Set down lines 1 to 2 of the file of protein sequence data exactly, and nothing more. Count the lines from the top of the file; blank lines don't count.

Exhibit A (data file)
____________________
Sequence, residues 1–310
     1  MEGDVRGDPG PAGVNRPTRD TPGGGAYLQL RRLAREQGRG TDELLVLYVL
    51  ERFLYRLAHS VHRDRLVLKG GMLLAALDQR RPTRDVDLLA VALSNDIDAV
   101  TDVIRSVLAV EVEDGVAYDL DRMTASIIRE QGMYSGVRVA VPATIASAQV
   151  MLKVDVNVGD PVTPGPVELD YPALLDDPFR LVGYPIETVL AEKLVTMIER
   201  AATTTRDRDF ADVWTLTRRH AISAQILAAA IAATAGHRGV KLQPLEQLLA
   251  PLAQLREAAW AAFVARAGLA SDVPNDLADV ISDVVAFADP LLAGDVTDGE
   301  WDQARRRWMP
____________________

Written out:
Sequence, residues 1–310
     1  MEGDVRGDPG PAGVNRPTRD TPGGGAYLQL RRLAREQGRG TDELLVLYVL